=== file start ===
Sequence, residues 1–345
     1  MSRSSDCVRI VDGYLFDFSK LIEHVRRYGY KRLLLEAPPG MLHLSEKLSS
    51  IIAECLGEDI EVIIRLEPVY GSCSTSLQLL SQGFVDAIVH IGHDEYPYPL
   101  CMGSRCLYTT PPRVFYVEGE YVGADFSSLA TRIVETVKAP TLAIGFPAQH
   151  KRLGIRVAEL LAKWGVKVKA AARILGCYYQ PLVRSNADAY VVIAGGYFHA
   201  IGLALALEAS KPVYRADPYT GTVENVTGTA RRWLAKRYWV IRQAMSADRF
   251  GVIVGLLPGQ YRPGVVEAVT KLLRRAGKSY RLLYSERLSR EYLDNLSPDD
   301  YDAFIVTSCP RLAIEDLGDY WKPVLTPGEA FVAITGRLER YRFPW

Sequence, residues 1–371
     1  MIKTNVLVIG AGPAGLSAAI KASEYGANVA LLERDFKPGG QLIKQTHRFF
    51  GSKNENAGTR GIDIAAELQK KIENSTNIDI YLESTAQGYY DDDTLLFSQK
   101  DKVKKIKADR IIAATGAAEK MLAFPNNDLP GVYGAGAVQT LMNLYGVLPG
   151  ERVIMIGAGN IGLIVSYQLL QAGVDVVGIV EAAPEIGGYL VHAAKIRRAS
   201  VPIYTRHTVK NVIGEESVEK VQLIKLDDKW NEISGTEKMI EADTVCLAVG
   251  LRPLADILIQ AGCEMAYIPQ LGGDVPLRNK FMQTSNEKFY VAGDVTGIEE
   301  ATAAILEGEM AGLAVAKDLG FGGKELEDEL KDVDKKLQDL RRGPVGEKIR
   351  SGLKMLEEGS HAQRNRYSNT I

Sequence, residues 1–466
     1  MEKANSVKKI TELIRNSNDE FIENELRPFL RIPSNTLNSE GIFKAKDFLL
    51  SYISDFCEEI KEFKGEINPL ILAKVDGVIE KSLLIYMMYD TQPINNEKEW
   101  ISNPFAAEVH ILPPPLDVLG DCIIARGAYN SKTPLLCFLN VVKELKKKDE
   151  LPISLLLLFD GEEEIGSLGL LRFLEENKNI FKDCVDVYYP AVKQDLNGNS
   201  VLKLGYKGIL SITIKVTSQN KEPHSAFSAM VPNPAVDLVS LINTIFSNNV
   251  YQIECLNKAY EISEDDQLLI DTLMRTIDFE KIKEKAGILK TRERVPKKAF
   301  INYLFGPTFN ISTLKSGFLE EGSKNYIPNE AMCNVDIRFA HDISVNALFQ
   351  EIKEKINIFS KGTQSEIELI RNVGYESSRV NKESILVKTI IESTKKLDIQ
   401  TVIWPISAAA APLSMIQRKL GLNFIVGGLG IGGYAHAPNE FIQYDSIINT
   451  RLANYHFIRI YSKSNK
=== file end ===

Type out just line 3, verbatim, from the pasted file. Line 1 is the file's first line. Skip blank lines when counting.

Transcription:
    51  IIAECLGEDI EVIIRLEPVY GSCSTSLQLL SQGFVDAIVH IGHDEYPYPL